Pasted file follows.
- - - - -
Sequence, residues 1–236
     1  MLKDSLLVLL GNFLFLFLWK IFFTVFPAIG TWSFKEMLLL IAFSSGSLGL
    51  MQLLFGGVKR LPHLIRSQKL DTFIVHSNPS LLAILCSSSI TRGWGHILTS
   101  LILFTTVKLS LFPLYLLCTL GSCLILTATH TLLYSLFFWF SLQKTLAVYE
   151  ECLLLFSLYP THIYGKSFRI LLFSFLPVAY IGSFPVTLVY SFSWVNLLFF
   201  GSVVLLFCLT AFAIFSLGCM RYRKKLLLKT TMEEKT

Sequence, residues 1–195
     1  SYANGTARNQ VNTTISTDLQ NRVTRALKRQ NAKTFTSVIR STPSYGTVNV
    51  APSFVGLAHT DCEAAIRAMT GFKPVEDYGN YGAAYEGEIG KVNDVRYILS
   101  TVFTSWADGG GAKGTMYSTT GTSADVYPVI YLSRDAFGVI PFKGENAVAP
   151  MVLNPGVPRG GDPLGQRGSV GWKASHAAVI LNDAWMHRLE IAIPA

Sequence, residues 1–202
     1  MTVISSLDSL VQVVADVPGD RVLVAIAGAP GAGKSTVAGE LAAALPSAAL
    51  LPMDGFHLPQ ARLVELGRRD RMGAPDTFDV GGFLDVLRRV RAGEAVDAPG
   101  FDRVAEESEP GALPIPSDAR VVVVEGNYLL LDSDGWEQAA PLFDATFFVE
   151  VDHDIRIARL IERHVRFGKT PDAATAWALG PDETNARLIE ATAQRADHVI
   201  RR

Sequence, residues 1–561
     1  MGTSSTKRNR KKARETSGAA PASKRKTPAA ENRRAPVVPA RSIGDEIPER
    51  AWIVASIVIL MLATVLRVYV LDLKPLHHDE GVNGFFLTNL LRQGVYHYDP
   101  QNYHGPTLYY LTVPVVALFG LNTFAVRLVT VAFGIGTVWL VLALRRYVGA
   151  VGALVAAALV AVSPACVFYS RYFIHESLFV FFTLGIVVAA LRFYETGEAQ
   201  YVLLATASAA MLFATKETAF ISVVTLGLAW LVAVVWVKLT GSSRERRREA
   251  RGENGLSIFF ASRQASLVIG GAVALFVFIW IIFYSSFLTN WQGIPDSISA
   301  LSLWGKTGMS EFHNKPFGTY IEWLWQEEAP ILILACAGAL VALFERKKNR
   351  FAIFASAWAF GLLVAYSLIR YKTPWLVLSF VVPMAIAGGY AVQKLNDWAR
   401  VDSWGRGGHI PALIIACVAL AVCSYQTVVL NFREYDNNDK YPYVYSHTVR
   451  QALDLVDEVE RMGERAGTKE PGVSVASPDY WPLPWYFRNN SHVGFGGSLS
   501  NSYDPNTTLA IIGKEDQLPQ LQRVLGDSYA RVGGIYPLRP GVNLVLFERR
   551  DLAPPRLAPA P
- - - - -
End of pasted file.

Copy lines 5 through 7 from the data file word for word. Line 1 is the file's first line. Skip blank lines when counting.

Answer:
   151  ECLLLFSLYP THIYGKSFRI LLFSFLPVAY IGSFPVTLVY SFSWVNLLFF
   201  GSVVLLFCLT AFAIFSLGCM RYRKKLLLKT TMEEKT

Sequence, residues 1–195